We have looked at the HOW and WHY of street epistemology in previous reports and are currently looking their tactics. You can click here to read a basic report before reading further. It is an introduction to basic tactics, so that’s a good place to start. This second part … Continue reading Street Epistemology: Basic Tactics, Part Two
In our previous reports about street epistemology we’ve looked at their purpose, goals and strategy – that’s the WHY issue. We move now to their tactics – HOW they do what they do.
What is the purpose of “street epistemology”? Atheist author and blogger Sam Harris asked that question of the man who created street epistemology – Peter Boghossian (https://www.samharris.org/blog/item/street-epistemology) Sam Harris: “What was your goal in writing A Manual for Creating Atheists?” Peter Boghossian: “My primary … Continue reading Street Epistemology: Basic Strategy
In the last part of our report, we looked at the founder of The Jesus Seminar and Westar Institute, Robert Funk. He was a leader in the new “quest” for the historical Jesus until his death in 2005.
Westar Institute’s “mission” statement claims that the organization “is dedicated to fostering and communicating the results of cutting-edge scholarship on the history and evolution of the Christian tradition, thereby raising the level of public discourse about questions that matter in society and culture.”
Question: how “cutting-edge” is Westar’s scholarship?
In part one of our report, we looked at The Jesus Seminar and its impact on other “seminars” conducted as part of the Westar Institute.
I admit to being slightly amused at this statement on the Westar Institute website –
“Westar is not affiliated with any religious institution and does not advocate a particular theological point of view.”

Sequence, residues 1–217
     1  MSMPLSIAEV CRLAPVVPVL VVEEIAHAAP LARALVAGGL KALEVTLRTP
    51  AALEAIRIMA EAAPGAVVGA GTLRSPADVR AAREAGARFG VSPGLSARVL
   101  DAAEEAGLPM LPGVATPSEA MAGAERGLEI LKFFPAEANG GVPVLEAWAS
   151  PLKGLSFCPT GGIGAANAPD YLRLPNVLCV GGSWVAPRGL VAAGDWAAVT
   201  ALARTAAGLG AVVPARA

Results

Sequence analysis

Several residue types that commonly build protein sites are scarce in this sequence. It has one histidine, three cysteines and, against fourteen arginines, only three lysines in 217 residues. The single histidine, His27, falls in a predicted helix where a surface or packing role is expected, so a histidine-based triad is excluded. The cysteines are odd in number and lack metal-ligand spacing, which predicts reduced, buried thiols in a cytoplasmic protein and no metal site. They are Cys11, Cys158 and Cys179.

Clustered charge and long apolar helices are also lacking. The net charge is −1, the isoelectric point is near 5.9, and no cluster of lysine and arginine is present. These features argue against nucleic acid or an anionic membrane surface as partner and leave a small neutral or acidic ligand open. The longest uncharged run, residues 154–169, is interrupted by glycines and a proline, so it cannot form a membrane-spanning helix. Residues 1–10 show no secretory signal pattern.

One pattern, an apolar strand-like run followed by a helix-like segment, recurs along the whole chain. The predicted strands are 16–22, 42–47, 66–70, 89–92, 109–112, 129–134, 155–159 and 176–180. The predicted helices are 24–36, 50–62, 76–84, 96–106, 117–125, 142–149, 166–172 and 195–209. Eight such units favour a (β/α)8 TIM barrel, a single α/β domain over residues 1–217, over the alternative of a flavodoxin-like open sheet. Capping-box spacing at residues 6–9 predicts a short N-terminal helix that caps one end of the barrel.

That’s an interesting statement in light of their stated point of view about Christian theology, as you read in our previous report.
In part two, we will look at the founder of The Jesus Seminar and Westar Institute and his stated purposes for “rewriting” the history of Christianity.
The Jesus Seminar was a group of “scholars and specialists” interested in renewing “the quest of the historical Jesus.” The name Jesus Seminar would imply that this group had good credentials and would reveal something important about the real life and ministry of the Lord Jesus Christ. That didn’t happen.
According to The Jesus Seminar –
“Among the findings is that, in the judgment of the Jesus Seminar Fellows, about 18 percent of the sayings and 16 percent of the deeds attributed to Jesus in the gospels are authentic.”
Another way of understanding that statement is that 82 percent of the sayings and 84 percent of the deeds attributed to Jesus in the Gospels are NOT authentic.
Let that sink in for a minute ….
The Jesus Seminar would have us believe that the vast majority of what’s written about the sayings and deeds of Jesus Christ in the Gospels (Matthew, Mark, Luke, John) are NOT authentic – not true – never said – never done.
Was The Jesus Seminar right?
We are currently looking at the writings of Origen of Alexandria. While admired by many Christians of his day, some thought him to be a heretic because of his views about the pre-existence of human souls, allegorical interpretation of Scripture, and eventual universal salvation.
In the last part of our series, we looked at Origen’s declarations against heresy and heretics in De Principiis. We will now look at what is believed to be Origen’s most famous writing about heresy – Against Celsus.